The basic propulsion motor and the battery pack were proven modules from a series of vehicles with motor propulsion and energy stored in a battery. The two-stroke engine was developed for a determined load/speed operation range, the main stages being tuning of the scavenging, adjustment of direct injection, and optimization of the combustion process. The conceived Citroen Saxo Electrique had a DC motor with a power of 20 kW in a speed range of 1600–5500 min1 and a torque of 127 N m at 1600 min1. The battery was formed by 20 Ni-Cd modules.
For a given application, the injection of liquid fuel in a simple and very compact two-stroke engine working as a current generator is less complex than an injection of emulsion, which requires an air compressor, a mixing chamber, and an additional injector. On the other hand, a system for direct injection of liquid fuel with high-pressure modulation is more advantageous than a common rail system, which requires more power than is available in such a compact engine.
A benefit of the Zwickau pressure pulse direct injection system is that the high-pressure course and, thereby, the injection rate modulation are not dependent on the engine speed. The system can be tuned for short fuel atomization, allowing fast vaporization and mixture formation.
Acceleration of the fuel before impact is generated by the difference between the initial fuel pressure and the ambient pressure in a return pipe to the tank. The initial fuel pressure is produced in a module consisting of a low-pressure fuel pump, filter, and pressure control valve, the whole module being integrated in the tank.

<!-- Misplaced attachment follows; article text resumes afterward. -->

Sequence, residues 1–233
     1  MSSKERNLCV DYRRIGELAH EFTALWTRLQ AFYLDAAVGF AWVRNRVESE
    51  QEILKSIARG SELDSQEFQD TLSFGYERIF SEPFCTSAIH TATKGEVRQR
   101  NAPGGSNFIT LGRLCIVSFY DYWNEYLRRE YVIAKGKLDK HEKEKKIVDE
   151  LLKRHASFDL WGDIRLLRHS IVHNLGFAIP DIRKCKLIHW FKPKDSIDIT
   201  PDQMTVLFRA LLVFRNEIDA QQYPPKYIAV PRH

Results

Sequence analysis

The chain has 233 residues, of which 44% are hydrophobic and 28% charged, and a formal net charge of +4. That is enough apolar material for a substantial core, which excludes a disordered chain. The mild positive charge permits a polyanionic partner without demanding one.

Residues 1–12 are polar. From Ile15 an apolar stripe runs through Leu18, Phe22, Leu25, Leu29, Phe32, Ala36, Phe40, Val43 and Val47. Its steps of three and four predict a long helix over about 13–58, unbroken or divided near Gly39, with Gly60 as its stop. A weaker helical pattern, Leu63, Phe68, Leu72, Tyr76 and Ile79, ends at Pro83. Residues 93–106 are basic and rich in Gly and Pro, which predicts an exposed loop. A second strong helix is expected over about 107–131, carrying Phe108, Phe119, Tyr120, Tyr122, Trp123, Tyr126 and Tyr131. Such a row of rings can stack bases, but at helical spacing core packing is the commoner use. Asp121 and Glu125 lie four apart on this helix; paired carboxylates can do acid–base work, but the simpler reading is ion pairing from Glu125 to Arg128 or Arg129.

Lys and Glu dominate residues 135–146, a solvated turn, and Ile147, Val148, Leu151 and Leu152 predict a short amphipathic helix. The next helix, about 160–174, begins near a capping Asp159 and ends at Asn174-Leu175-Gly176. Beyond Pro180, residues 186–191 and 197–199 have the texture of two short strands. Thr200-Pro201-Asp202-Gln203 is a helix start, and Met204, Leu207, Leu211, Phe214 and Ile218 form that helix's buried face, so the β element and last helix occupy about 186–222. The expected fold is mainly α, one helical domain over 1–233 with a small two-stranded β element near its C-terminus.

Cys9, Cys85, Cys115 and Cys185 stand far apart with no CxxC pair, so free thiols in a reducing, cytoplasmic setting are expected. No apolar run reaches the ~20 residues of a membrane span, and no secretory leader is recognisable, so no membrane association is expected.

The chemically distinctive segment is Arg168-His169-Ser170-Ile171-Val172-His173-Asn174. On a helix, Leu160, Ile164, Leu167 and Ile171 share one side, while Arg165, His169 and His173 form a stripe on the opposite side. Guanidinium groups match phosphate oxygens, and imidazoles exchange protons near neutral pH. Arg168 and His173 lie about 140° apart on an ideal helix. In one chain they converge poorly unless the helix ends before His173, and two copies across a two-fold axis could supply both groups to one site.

This wave is available at the input of an injector, which is placed close to the electromagnetic valve. The injector consists of a needle with a spring and a body. By adjusting the spring, the opening pressure of the injector can be set to values required for this utilization. The injected mass is controlled by the opening duration of the electromagnetic valve, which determines the velocity of the accelerated fuel before impact on the closing valve. The start of an injection event is the start of the opening of the electromagnetic valve, which provokes fuel acceleration. This opening start is easily controllable by the current.
On the other hand, variation of the injection mass has no influence on the droplet size. This is typical of the water hammer effect in the pressure pulse injection system: the atomization of the fuel is mainly determined by the steep pressure rise and not by the pressure peak itself. This behavior is very favorable for mixture formation in an extremely short time in a compact combustion chamber. The combustion chamber design and the positions of the injector and spark plug have been optimized by 3D simulation and experiment and tested on the engine test bench.
For each configuration, the injection and spark start and the injection rate modulation were analyzed. The compression ratio was also adjusted to obtain minimum pollutant emission. The compression ratio achieved a value of 12.13:1. A major problem was the design of the exhaust pipes, which determines the scavenging of a two-stroke engine. The vehicle configuration did not permit the placement of two exhaust pipes of identical length.
About 80 % of the population of Europe, for example, lives in urban areas. Some 50 % of their inhabitants drive in their own car less than 5 km per day. More interesting is the fact that 80 % of the inhabitants of European cities drive less than 50 km per day. For such utilization, a compact car with an acceleration profile that corresponds to the most frequent city driving cycle is the best alternative. Moreover, such a car should have zero emission of CO2, pollutants, and noise in the city centers. Thus, propulsion by motor seems to be the best form under such conditions.
However, fuel cells are more complex than thermal engines, necessitating more room on board; last but not least they are much more expensive than simple engines for the current generation.